- GDP and fiscal deficit targets announced at China’s annual parliament session will signal whether policymakers are prepared to accept slow growth.
- Covid-19 presents an opportunity for to complete the transition away from reliance on annual GDP targets – a trend that was already underway before the pandemic.
- The parliament will likely approve the issuance of rarely-used central government “special bonds” to re-capitalize small banks suffering from pandemic-related corporate defaults.
China’s annual parliament session, the National People’s Congress (NPC), will convene on 22 May after being delayed since early March due to Covid-19. As usual, the most important policy signals will be the GDP and fiscal deficit targets that Premier Li Keqiang will announce in his work report on the opening day. These targets will hint at whether Beijing intends to escalate monetary and fiscal stimulus, which has so far been modest compared both to other large economies and to Chinese responses to previous economic downturns.
GDP target: end of an era?
At the Central Economic Work Conference in December, top leaders reportedly agreed on a growth target of “around 6%” for this year, following growth of 6.1% in 2019. But after GDP contracted by 6.8% year-on-year in the first quarter, that target – which was never officially announced – is clearly unreachable.
Before the pandemic, China had already been moving to de-emphasize GDP targets, which have often been set above the economy’s sustainable growth rate, thereby forcing policymakers to resort to excessive debt-fueled stimulus and low-quality investments to achieve the targets. But expectations were that China was committed to at least one more annual target in 2020, given that growth of around 5.6% was needed to complete a long-term target – set in 2012 – of doubling 2010 GDP by 2020. Many observers believed that once this goal was achieved, China would abandon annual growth targets altogether. But with the doubling target already out of reach this year, the pandemic presents an opportunity to accelerate the move away from GDP targets.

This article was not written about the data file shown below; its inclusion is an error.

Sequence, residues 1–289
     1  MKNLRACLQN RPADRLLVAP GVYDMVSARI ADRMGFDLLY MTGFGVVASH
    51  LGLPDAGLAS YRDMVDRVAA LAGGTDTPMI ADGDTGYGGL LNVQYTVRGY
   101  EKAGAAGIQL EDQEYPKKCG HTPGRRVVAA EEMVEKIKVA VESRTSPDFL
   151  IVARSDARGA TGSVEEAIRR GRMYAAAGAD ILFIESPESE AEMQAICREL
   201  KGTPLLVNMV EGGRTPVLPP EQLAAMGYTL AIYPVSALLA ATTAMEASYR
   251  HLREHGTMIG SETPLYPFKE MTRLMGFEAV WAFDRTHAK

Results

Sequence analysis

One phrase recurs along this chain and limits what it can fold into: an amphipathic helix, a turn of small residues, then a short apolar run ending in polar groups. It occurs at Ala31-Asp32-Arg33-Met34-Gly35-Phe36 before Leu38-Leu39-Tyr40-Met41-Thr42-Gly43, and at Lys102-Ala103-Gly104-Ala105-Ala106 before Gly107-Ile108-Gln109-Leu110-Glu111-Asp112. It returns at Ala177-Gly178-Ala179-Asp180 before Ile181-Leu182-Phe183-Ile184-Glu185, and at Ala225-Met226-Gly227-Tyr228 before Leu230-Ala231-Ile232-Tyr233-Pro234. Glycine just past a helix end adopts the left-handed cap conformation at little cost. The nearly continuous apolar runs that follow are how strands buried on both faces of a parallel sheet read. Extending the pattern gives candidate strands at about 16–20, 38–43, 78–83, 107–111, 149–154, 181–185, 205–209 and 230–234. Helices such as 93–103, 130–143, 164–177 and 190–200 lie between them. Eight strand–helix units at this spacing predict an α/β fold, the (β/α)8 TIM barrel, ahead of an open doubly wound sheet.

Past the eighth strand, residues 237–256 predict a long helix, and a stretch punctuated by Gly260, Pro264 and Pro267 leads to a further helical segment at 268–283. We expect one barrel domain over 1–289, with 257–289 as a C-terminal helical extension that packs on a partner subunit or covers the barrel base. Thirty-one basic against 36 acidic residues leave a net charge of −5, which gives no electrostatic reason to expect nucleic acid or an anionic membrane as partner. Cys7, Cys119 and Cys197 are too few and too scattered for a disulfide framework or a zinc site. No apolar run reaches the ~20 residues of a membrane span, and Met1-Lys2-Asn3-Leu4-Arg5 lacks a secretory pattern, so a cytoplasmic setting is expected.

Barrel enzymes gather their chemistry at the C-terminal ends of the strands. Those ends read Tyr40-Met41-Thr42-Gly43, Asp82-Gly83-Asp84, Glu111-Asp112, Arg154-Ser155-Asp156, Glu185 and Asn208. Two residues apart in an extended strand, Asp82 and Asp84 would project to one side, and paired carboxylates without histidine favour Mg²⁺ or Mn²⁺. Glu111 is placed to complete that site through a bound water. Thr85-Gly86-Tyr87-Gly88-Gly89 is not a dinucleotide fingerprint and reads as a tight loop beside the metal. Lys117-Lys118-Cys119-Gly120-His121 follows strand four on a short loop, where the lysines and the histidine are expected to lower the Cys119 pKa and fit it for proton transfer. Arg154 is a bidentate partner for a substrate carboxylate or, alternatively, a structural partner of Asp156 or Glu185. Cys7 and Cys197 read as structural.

An alternate possibility is that the NPC will endorse a more modest, less rigid GDP target of “around 2-3%.” A lower target would still relieve some pressure to escalate stimulus and could also enable the adoption of new policy tools – such as cash grants to households and businesses – that do not directly boost GDP but could be better suited to addressing the impact of the pandemic.
Fiscal policy: new tools available
China is likely to raise its official, on-budget fiscal deficit target to 3.5% of GDP from 2.5% last year. As always, however, the augmented fiscal deficit – which includes off-budget spending through local government financing vehicles (LGFVs) – is a more important gauge of fiscal policy. In a maximal stimulus scenario, the augmented deficit could exceed 13% of GDP compared to 7% in 2019, but the scale of LGFV spending will not be announced at the NPC. Instead, LGFVs will serve as a source of flexibility, enabling policymakers to calibrate stimulus as the year proceeds.